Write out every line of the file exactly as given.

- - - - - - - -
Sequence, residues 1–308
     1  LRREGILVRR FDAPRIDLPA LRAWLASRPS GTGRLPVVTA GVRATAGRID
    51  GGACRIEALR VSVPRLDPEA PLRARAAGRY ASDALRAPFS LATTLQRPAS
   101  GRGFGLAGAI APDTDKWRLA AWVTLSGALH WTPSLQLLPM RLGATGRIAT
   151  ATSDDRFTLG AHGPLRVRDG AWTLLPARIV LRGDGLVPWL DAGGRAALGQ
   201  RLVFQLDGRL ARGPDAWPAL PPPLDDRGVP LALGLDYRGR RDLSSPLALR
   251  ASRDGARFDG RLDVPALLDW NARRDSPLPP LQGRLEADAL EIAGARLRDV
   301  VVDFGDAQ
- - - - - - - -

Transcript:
Sequence, residues 1–308
     1  LRREGILVRR FDAPRIDLPA LRAWLASRPS GTGRLPVVTA GVRATAGRID
    51  GGACRIEALR VSVPRLDPEA PLRARAAGRY ASDALRAPFS LATTLQRPAS
   101  GRGFGLAGAI APDTDKWRLA AWVTLSGALH WTPSLQLLPM RLGATGRIAT
   151  ATSDDRFTLG AHGPLRVRDG AWTLLPARIV LRGDGLVPWL DAGGRAALGQ
   201  RLVFQLDGRL ARGPDAWPAL PPPLDDRGVP LALGLDYRGR RDLSSPLALR
   251  ASRDGARFDG RLDVPALLDW NARRDSPLPP LQGRLEADAL EIAGARLRDV
   301  VVDFGDAQ